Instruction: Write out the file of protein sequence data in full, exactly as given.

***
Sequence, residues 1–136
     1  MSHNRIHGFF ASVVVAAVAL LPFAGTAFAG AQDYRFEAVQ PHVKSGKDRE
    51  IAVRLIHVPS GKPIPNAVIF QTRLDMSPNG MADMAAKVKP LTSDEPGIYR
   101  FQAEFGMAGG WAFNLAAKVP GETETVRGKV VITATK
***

Sequence, residues 1–136
     1  MSHNRIHGFF ASVVVAAVAL LPFAGTAFAG AQDYRFEAVQ PHVKSGKDRE
    51  IAVRLIHVPS GKPIPNAVIF QTRLDMSPNG MADMAAKVKP LTSDEPGIYR
   101  FQAEFGMAGG WAFNLAAKVP GETETVRGKV VITATK